J. B. Priestly’s novel about an unlikely trio of runaway adults finding common cause in support of a second-rate touring company of musical entertainers has been adapted as a play; a musical (with an Andre Previn score); a couple of feature films; and on tv in various lengths & formats. But it’s hard to imagine a more winning version, or one that equals the charm & pitch-perfect cast of this early Talkie. The temptation to turn this into a Little-Musical-That-Could fable is wisely avoided since the revue is provincial Music Hall stuff at best, allowing Jessie Matthews to shine all the brighter as the breakout star in the troop. Priestly’s main concern isn’t backstage drama, but mobility. Not even class-conscious British social mobility, but actual physical mobility; as in leaving your home & village, even at middle-age, for a second chance. So we have John Gielgud’s teaching master; Edmund Gwenn’s factory drudge; and Mary Glynne’s drab spinster all daring to restart their lives from scratch. The first act, which largely charts their separate progressions toward the cash strapped players, offers the most imaginative parts of the film, then show-biz tropes kick in. But those are also nicely handled by director Victor Saville who refuses to over-sell the players talents, eccentricities or lovability quotients. (No doubt, inadvertently helped by the teething-pains of unpolished 1933 British Talkie technology.) It’s a rare treat to see John Gielgud still in his 20s, even if the camera doesn’t exactly ‘take’ to him. (He’d recently triumphed as Hamlet on stage, but looks more like Yorick.) Lenser Bernard Knowles licked the problem in the last act, look for the scene between Gielgud at the piano and a fast-talking song scout. Ah, much better. And if Matthews never does live up to her publicity rep as ‘the female Fred Astaire,’ the film’s semi-musical format shows her off at her best. (Note: VCI’s DVD, officially sourced from Rank, lists a short 93 minute cut on the box, but actually runs about 108 minutes and certainly looks complete.)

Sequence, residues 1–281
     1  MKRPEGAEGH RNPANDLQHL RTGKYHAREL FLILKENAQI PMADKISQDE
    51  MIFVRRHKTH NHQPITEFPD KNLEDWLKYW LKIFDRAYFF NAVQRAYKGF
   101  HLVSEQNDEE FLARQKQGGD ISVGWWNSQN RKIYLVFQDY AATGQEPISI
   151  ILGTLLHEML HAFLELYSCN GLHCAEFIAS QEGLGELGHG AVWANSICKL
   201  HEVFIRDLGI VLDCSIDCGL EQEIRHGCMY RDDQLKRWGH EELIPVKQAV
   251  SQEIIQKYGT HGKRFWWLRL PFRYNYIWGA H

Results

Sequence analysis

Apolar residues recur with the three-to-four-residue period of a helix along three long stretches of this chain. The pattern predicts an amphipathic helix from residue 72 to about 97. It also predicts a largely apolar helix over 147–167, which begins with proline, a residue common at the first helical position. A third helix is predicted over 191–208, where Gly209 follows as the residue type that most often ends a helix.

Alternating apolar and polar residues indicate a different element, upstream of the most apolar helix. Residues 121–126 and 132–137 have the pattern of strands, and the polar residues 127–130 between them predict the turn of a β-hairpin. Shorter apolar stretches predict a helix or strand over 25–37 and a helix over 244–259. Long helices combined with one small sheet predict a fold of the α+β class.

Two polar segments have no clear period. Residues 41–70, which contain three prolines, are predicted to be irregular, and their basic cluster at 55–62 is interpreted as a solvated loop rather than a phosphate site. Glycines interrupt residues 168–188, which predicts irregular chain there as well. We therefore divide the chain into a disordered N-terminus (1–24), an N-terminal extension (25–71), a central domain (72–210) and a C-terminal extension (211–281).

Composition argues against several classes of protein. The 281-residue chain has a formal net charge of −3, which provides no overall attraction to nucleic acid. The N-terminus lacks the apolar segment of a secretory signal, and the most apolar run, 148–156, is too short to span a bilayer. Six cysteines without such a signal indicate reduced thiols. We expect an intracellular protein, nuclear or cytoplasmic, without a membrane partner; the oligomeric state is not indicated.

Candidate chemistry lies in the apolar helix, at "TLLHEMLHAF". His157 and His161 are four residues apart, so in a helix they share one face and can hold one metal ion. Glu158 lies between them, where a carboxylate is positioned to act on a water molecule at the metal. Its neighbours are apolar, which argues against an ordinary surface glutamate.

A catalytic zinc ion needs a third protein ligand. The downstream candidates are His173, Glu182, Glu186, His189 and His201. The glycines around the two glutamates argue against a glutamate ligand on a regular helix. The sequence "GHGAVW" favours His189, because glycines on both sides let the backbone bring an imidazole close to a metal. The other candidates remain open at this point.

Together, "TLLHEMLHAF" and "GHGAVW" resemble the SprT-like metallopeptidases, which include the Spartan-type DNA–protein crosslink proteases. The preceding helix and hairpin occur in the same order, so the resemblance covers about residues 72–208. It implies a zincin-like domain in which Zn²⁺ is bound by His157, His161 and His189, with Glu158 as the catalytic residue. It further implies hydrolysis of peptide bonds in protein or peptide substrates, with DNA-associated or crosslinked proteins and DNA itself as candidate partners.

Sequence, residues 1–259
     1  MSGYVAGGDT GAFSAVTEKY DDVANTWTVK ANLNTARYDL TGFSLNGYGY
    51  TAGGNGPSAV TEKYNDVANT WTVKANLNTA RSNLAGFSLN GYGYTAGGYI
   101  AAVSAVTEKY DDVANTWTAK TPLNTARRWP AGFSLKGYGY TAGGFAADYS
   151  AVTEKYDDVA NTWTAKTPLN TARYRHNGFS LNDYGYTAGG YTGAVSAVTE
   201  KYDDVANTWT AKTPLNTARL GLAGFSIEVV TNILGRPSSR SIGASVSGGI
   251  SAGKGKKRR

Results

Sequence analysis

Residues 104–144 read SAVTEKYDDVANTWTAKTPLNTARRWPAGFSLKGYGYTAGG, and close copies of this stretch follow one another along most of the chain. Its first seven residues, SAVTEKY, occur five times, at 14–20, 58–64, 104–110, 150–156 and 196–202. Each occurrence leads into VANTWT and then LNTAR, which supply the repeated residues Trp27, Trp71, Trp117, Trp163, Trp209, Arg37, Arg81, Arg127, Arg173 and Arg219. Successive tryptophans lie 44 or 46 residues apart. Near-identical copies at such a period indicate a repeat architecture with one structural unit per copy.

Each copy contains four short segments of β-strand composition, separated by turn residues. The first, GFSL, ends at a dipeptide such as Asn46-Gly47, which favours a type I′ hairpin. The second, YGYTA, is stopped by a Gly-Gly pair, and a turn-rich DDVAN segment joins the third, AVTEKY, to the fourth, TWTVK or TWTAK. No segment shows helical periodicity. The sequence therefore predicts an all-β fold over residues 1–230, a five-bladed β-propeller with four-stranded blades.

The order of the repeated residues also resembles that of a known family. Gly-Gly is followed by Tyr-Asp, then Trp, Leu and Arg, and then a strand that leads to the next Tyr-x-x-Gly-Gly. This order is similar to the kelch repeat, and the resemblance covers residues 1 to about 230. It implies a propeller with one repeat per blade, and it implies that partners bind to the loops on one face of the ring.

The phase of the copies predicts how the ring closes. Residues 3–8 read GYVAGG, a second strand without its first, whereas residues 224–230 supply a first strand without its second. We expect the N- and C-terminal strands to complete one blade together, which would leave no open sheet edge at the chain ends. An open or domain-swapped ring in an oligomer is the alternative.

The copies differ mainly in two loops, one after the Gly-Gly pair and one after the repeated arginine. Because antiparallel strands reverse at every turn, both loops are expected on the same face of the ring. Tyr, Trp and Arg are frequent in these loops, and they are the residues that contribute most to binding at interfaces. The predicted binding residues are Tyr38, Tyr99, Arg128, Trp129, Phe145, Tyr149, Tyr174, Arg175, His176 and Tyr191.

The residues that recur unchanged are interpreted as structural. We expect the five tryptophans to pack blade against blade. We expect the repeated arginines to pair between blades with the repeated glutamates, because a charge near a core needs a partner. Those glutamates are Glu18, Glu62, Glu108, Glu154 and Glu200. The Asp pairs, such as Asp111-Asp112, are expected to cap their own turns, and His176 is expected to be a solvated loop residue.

SCREWY THOUGHT OF THE DAY: When Jessie Matthews gets called back on stage at the film's climax to finish her wistful, star-making song after a theatre riot, she suddenly looks like Judy Garland’s older sister.